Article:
Audiobook will bring story to life

Once upon a time, as my publisher Sophie Hamley at Hachette Australia tells me, books were essentially printed characters on paper, which were then bound and shipped out to bookstores to ultimately be displayed for sale on shelves. The best publisher’s estimate of what quantities of each book might sell was a mixture of market knowledge, author reputation and the subject matter. (Interestingly during the last two years of COVID, fiction has been the preferred genre for many, and that makes sense given the highly interrupted and irregular lifestyles we’ve all had to lead at various times of the pandemic with high infections, lockdowns and restricted social interaction.)

The book publishing business is a much more sophisticated process in the 21st century with just-in-time printing offering publishers the ability to quickly re-stock shelves in the event of an unexpected run on a particular title or author’s work(s). Similarly, the advent of the Kindle and eBooks, as well as the popularity of podcasts and audiobooks has offered authors (and publishers) a whole new market for their offerings.

It’s not uncommon for authors with a penchant for story-telling around the bar, or in the sports locker room, or even at the kitchen table to audition their manuscripts in the event their retelling of the story offers both an authentic and convincing rendition of the published book. Not every author wants to do this, of course, and even more so, not every author passes muster.

Hachette gave me the opportunity to audition the reading of ‘Betrayed’, so I selected several excerpts which included plenty of dialogue, and gave it my best shot. I once worked on radio, but that was decades ago and my experience on-air was a mix of straight reporting (at the ABC), and in another instance, as a disc jockey in an outback mining town spinning discs on the local AM radio station — 2BH — each night from 7-10pm. I really enjoyed being able to bring in my own albums and select the tracks to play because I wasn’t being paid so there was no playlist; I could play my choice of music. I’m not sure Broken Hill ever recovered from my preference for Jimi Hendrix, Stevie Winwood and Traffic, Jethro Tull or even Miles Davis. There was plenty of The Low Spark of High-Heeled Boys, Locomotive Breath and All Blues finding their way into the ears of those around the far west and even out to the Mundi Mundi Plains.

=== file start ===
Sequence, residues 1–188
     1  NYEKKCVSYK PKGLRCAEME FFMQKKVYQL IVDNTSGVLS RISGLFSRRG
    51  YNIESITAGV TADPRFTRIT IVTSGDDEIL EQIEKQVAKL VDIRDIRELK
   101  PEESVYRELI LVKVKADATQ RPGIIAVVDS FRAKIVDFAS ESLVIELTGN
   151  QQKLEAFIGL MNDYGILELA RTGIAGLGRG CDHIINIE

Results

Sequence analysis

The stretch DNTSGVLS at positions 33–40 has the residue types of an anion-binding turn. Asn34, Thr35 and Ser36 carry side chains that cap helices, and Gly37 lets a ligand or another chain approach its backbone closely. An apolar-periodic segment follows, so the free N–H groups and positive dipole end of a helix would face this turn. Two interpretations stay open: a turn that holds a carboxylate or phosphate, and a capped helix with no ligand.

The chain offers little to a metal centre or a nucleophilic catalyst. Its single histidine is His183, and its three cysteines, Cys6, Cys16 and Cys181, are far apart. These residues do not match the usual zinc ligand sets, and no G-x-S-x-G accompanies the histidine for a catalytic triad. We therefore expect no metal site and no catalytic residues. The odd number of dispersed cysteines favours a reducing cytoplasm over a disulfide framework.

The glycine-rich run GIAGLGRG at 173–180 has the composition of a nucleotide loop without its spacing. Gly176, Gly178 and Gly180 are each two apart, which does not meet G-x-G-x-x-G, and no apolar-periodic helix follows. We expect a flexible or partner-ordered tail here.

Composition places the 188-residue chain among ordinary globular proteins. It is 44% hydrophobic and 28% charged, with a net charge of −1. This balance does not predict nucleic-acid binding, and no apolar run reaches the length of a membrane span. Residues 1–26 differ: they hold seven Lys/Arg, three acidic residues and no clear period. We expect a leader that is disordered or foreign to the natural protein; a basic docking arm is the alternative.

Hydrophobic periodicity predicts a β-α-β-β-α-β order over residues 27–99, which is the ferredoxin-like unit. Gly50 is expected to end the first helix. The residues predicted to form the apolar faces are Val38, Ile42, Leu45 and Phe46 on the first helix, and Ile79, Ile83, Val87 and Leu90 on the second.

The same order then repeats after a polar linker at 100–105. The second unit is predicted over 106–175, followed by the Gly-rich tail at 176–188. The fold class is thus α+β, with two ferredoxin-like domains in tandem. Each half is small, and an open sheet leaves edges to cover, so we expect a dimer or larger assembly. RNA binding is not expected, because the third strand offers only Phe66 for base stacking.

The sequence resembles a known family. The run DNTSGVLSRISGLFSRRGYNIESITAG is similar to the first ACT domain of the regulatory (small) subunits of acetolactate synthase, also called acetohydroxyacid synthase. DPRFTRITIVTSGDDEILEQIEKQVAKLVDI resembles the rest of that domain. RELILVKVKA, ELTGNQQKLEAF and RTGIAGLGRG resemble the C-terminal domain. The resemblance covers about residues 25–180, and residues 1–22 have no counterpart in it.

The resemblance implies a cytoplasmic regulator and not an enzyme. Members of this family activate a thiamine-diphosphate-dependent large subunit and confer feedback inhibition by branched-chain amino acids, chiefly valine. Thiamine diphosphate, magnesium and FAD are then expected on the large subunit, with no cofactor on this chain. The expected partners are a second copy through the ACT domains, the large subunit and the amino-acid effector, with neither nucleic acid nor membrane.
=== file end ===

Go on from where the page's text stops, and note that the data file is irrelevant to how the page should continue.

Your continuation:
That aside, I am pleased to say I passed the audition and I am going into the studio in mid-April for a week to record ‘Betrayed’. I’ll be working with Hachette’s experienced producers and I genuinely hope I can help readers and listeners relate to this story with as deep an insight possible into who the Drug Grannies — Toddie and Beezie — actually were. The gradual path of duplicity and betrayal which turned into an international drug smuggling ‘odyssey’ and ultimately put the women into an Australian jail cell is a story you will find both astounding and unbelieveable.

That it was family who used them so cravenly is all the more shocking. Keep your ears posted!

1 thought on “Audiobook will bring story to life

  1. Can’t wait! I’m in for the audio book and the ‘real’ thing!

    Liked by 1 person

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